This 16th Century sword by Del Tin has a blade of well-tempered Chrome-Vanadium high carbon steel tempered to a hardness of 50 HRC. The blade is hexagonal in cross-section and it has a weight-reducing fuller extending from its base to about a third way up the blade.
The pommel and complex ring guard are cast from steel and finished with a darkened, antiqued finish. The grip is carved from hardwood and wrapped in tight brown leather with a spiralled riser beneath the leather for an enhanced grip.
This 16th century sword with its long, tapered blade that lends itself to the thrust. Piercing wounds are usually nowhere near as dramatic as grand cuts and hacks, but they are subtly deadly – a piercing wound is more likely to affect essential internal organs and they create a large amount of internal bleeding. These are wounds that are very difficult to treat, even with penetration of a mere handful of inches.
The deadliness of such weapons was well known, of course, in the late Medieval and Renaissance period, but the fact that many bladed weapons of the time were largely intended as thrusting weapons has much to do with the armor of the time. A man in plate armor will not be efficiently subdued by battering at him with a cutting or hacking sword, it will instead be a thinner blade fitted through the weaker points of his harness that will end the fight.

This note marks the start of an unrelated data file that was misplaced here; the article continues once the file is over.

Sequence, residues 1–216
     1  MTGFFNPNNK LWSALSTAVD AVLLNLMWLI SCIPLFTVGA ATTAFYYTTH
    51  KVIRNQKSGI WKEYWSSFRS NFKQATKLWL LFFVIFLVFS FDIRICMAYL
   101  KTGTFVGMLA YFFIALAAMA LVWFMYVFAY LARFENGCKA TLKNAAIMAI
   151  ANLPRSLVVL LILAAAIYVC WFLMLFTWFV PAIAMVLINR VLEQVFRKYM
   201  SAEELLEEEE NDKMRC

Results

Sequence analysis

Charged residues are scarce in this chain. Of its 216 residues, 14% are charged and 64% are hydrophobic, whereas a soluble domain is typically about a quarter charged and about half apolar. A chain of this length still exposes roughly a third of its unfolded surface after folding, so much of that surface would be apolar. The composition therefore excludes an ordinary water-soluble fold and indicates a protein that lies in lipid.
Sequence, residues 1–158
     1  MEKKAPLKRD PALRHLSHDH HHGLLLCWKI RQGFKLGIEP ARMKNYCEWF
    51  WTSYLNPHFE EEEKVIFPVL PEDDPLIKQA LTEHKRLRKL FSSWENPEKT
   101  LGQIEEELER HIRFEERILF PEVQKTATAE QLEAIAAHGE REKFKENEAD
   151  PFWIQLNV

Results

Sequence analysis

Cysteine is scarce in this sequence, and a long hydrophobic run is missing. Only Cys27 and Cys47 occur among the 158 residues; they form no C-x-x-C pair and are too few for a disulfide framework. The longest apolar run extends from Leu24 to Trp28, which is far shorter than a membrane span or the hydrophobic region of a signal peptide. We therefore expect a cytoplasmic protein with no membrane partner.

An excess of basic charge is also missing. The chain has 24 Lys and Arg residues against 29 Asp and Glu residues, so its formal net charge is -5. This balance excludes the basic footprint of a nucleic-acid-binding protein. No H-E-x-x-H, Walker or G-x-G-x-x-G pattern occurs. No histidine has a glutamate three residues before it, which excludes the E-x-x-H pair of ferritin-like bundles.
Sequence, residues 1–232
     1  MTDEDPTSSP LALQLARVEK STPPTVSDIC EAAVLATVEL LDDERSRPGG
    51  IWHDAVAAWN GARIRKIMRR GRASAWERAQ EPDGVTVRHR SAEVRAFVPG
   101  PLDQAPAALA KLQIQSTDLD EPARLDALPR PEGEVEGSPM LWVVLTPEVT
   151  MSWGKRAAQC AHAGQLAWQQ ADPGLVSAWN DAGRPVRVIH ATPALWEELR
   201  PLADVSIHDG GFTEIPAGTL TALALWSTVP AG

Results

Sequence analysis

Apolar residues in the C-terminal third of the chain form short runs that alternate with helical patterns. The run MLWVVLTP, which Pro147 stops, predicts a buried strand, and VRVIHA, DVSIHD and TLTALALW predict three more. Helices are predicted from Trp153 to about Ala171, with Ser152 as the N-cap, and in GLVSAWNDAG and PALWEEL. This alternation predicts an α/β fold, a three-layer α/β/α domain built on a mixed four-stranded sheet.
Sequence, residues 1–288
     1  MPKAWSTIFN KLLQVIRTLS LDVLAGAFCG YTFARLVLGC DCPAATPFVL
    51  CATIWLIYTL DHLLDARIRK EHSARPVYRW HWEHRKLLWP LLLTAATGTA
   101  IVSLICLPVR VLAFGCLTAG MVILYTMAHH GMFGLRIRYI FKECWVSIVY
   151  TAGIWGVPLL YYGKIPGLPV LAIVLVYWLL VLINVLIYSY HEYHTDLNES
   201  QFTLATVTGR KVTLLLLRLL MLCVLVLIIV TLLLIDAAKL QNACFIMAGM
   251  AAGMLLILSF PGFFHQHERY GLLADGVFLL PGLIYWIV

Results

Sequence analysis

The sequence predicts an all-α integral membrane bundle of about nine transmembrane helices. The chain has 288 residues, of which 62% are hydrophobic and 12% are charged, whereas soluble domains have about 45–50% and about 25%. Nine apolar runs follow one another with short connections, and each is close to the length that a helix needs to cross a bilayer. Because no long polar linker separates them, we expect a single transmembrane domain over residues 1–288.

Despite its thrusting optimization, the sword retains enough meat at the tip and cutting portion to allow it to deliver substantial cuts. Its complex hilt of four rings not only gives excellent protection to the hands and forearms of the wielder, but they allow him to use the fingering technique of hooking a finger over the guard for better blade control without any fear or losing that finger in a bind.
The long grip of the sword gives the wielder plenty of leverage to counter and control the blade. Due to the tapered profile of the blade and the form of the grip, this sword is an agile and lively responder and much more dexterous than its size suggests.